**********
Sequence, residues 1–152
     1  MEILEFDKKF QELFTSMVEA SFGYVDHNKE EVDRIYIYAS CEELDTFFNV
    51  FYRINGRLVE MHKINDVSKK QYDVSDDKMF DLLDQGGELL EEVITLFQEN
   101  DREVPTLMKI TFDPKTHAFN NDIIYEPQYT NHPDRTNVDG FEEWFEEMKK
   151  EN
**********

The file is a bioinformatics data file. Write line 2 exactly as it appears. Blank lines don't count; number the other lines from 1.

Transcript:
     1  MEILEFDKKF QELFTSMVEA SFGYVDHNKE EVDRIYIYAS CEELDTFFNV